According to the studies by Dr Pittiruti and Dr LaGreca
Since the late 1980s, Dr Pittiruti and Dr LaGreca of the Fondazione Policlinico Universitario Agostino Gemelli in Rome have been researching the possibility of using ECG to locate the tip of a PICC. In 1989 (1), they studied the feasibility of analysing the TQ segment to use this system in patients with atrial fibrillation. In 2011, they succeeded in developing their own method to analyse the visible P waves on an intracavitary ECG for these cases (2). In an ECG trace, the P wave represents the synchronised depolarisation of the Right Atrium (RA) (blue arrow). An ECG system allows the position of the catheter tip to be determined by the interpretation of the P wave. In the case of atrial fibrillation, there is no synchronised depolarisation (red arrow), so the TQ segment carries, not one, but several P waves (the sinoatrial node has anarchic electrical activity).
(3) In this case, in which there are several P waves but we want to place a central catheter using the ECG system, following the experts’ recommendations; we can use a modified ECG system and resort to the analysis of the TQ segment to determine the position of the catheter. This way, we can see the evolution of the P waves. If we consider a heart with normal atrial activity, the cavoatrial junction is detected by a maximum P wave. In the case of atrial fibrillation, when the catheter reaches the cavoatrial junction, the P waves of the TQ segment have maximum activity (frequency and height).
(4) In 2016, Dr Pittiruti, Dr LaGreca and Dr Biasucci concluded that in the 10 cases studied, the method with modified ECG system is accurate (control with transoesophageal echocardiogram) through a thorough analysis which requires experience and time (5). Shortly after the Steinhagen et.al study (6), they reached the same conclusions and suggested that the ECG method for patients with atrial fibrillation can eliminate the need for post-procedure verification.
Dr Pittiruti’s team wanted to establish clear parameters for interpretation of the TQ segment when the catheter is in the cavoatrial junction. They used three different parameters to measure the pattern of P waves in atrial fibrillation:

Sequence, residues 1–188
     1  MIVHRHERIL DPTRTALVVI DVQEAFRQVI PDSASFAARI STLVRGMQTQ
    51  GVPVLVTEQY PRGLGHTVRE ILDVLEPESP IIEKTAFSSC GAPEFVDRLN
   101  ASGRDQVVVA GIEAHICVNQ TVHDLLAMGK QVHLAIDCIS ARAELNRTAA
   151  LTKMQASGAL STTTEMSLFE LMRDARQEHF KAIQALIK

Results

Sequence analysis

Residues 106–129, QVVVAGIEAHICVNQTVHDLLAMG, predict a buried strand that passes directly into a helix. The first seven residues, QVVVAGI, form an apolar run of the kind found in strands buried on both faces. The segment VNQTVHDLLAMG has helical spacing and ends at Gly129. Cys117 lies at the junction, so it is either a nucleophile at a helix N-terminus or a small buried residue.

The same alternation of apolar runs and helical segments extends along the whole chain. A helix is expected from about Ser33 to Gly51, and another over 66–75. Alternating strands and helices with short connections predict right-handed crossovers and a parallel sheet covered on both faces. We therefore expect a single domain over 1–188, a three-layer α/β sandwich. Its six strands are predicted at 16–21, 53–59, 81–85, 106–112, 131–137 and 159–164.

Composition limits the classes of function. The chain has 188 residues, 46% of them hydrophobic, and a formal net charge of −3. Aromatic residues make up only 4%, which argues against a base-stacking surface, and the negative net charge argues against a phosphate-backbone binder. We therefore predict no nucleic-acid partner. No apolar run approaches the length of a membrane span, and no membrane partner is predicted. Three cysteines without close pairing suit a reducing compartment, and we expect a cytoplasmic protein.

• The average of the P waves
• The height of the maximum P wave
• The difference between the maximum positive peak and the maximum negative peak of P waves
All three methods have proven to be effective in determining the exact position of the catheter. The modified ECG system method has been shown to be safe in inserting and locating the central catheter tip in patients with atrial fibrillation. However, analysis of the TQ segment is often difficult and takes time. At the 2018 WoCoVa congress, Dr LaGreca proposed this algorithm to determine which method is the most appropriate depending on the type of patient:
– Scheme of atrial fibrillation (top) and sinus rhythm (bottom). The purple arrow indicates a P wave, which is lost in atrial fibrillation
– Engelhardt W, Sold M, Helzel MV. ECG-controlled placement of central venous catheters in patients with atrial fibrillation. Anaesthesist 1989; 38: 476-9.
– Pittiruti M, La Greca A, Scoppettuolo G et al. EKG-controlled placement of central venous catheters in patients with atrial fibrillation (abstract). Oral presentation at the Annual Conference of the Infusion Nursing Society, May 21-26, 2011, Louisville (KY), USA.
– Pittiruti M, La Greca A, Biasucci DG et al. Intracavitary ECG for tip location in atrial fibrillation patients (abstract). Poster at the Annual Conference of the Association for Vascular Access, September 16-19, 2016, Orlando (FL), USA.
– Steinhagen F, Kanthak M, Kukuk G et al. Electrocardiography-controlled central venous catheter tip positioning in patients with atrial fibrillation J Vasc Access 2018, in press.
– “Intracavitary ECG for tip location in atrial fibrillation patients” (Pittiruti, La Greca, Biasucci et al. – AVA 2016)